British Folk are Genetically Programmed to be Miserable, Claims New Research

By Gerald Lynch on at

Wrestling with the mid-week blues? Don't worry, it's not your fault. If you're a Briton, you're genetically programmed to be miserable, according to new research from the University of Warwick.

It's a trait shared with Americans and the French, apparently, with the researchers identifying that many members of those nations possess a "short form" of the gene which regulates serotonin, the chemical that makes us feel happier when released into our brains. The Danes and Dutch, on the other hand, were found to be those most likely to be genetically predisposed to feelings of happiness as they carried the longer form of the gene.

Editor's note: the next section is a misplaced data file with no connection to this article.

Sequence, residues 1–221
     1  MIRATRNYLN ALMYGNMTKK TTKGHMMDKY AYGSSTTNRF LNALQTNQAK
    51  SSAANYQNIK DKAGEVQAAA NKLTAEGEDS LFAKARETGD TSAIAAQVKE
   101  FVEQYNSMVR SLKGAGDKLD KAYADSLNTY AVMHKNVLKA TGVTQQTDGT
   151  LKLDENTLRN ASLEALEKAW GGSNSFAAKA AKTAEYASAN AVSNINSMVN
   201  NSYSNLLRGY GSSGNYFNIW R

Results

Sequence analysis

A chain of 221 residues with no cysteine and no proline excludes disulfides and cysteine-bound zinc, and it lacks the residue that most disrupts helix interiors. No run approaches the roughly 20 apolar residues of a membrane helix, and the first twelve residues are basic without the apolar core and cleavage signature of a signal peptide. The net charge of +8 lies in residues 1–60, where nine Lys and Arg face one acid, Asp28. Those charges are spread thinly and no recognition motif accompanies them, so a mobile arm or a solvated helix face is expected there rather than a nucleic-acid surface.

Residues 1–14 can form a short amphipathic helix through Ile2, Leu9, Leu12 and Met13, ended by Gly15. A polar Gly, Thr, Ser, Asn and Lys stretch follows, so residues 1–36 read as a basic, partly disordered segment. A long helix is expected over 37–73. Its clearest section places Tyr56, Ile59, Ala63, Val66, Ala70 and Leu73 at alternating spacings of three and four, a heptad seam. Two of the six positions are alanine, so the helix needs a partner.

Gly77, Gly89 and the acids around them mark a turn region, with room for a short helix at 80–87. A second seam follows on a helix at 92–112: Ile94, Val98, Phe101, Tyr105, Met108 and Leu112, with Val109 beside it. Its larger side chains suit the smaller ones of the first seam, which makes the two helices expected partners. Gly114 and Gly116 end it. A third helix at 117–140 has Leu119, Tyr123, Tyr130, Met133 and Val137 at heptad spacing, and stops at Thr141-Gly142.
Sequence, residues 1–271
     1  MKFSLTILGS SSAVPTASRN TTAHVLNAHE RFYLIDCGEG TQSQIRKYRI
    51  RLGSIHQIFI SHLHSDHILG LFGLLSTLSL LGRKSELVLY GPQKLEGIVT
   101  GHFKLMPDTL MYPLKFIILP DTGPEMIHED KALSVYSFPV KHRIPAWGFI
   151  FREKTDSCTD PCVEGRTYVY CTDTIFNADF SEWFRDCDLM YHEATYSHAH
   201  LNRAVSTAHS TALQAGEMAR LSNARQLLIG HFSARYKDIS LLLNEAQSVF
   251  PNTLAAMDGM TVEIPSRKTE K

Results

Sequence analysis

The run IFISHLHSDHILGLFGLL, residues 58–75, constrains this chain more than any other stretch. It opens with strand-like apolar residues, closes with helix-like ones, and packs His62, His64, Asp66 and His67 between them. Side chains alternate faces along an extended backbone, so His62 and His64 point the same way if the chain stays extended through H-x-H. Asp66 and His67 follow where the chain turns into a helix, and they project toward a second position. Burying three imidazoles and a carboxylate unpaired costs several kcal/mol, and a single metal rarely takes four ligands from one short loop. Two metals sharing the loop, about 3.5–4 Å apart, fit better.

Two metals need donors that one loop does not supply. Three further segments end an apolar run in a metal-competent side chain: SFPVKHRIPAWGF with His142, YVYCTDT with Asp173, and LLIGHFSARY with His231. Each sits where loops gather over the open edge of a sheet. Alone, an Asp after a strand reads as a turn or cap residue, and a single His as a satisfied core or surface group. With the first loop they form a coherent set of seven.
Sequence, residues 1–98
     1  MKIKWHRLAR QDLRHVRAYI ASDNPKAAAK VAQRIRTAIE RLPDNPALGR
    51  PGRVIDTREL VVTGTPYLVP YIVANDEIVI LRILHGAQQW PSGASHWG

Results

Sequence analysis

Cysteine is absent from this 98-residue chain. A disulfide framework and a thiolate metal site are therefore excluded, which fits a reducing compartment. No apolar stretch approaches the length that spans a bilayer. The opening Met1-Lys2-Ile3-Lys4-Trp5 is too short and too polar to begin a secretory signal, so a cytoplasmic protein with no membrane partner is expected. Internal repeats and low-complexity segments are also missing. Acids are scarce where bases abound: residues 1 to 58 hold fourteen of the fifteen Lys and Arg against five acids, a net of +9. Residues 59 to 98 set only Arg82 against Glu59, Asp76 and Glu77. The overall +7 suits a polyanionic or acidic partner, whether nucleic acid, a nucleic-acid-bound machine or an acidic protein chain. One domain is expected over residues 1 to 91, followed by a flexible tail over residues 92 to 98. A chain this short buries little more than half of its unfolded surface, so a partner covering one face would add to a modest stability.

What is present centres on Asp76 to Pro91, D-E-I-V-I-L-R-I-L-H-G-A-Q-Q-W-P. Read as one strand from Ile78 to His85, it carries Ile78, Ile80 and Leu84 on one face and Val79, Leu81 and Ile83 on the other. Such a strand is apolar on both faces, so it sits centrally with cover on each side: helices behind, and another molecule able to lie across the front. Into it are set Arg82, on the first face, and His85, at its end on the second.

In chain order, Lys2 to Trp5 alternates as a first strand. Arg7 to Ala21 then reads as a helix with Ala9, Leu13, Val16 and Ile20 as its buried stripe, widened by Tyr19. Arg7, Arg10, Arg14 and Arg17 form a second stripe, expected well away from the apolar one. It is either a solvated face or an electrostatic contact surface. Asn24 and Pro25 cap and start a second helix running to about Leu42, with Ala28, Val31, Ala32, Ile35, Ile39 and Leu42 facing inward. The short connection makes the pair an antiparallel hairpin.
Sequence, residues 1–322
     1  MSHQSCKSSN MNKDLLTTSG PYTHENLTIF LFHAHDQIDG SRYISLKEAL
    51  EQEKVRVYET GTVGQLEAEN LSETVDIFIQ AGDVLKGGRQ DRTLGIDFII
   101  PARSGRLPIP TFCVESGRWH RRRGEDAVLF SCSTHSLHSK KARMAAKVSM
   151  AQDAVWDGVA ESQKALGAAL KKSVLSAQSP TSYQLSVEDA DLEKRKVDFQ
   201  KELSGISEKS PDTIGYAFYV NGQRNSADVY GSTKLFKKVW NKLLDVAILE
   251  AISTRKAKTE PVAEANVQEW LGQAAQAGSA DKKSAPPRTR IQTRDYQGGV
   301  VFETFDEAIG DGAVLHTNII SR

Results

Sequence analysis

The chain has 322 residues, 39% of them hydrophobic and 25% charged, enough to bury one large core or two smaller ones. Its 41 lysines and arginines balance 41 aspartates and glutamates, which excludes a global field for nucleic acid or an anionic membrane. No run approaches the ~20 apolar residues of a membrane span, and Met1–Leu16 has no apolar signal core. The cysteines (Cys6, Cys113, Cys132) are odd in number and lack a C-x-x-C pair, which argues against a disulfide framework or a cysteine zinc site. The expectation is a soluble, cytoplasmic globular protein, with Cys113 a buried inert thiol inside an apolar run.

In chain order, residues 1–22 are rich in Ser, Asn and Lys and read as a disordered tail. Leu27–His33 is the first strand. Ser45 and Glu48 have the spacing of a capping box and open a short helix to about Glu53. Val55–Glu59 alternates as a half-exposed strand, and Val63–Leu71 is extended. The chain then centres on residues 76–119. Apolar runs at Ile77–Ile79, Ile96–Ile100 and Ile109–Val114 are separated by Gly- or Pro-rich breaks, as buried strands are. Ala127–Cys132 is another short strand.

It's an imprecise art, of course -- your biological heritage has more to do with the gene's appearance than your international location (what of a Brit born of two Danish parents for example?), and it doesn't take into account local societal factors that have just as great an influence on our moods as any genetic predisposition. What it does suggest, however, was that millennia ago the inhabitants of these isles were a grumpy lot -- but not grumpy enough to turn down a fumble under the sheets and maintain the dominance of the misery-guts gene. [Independent]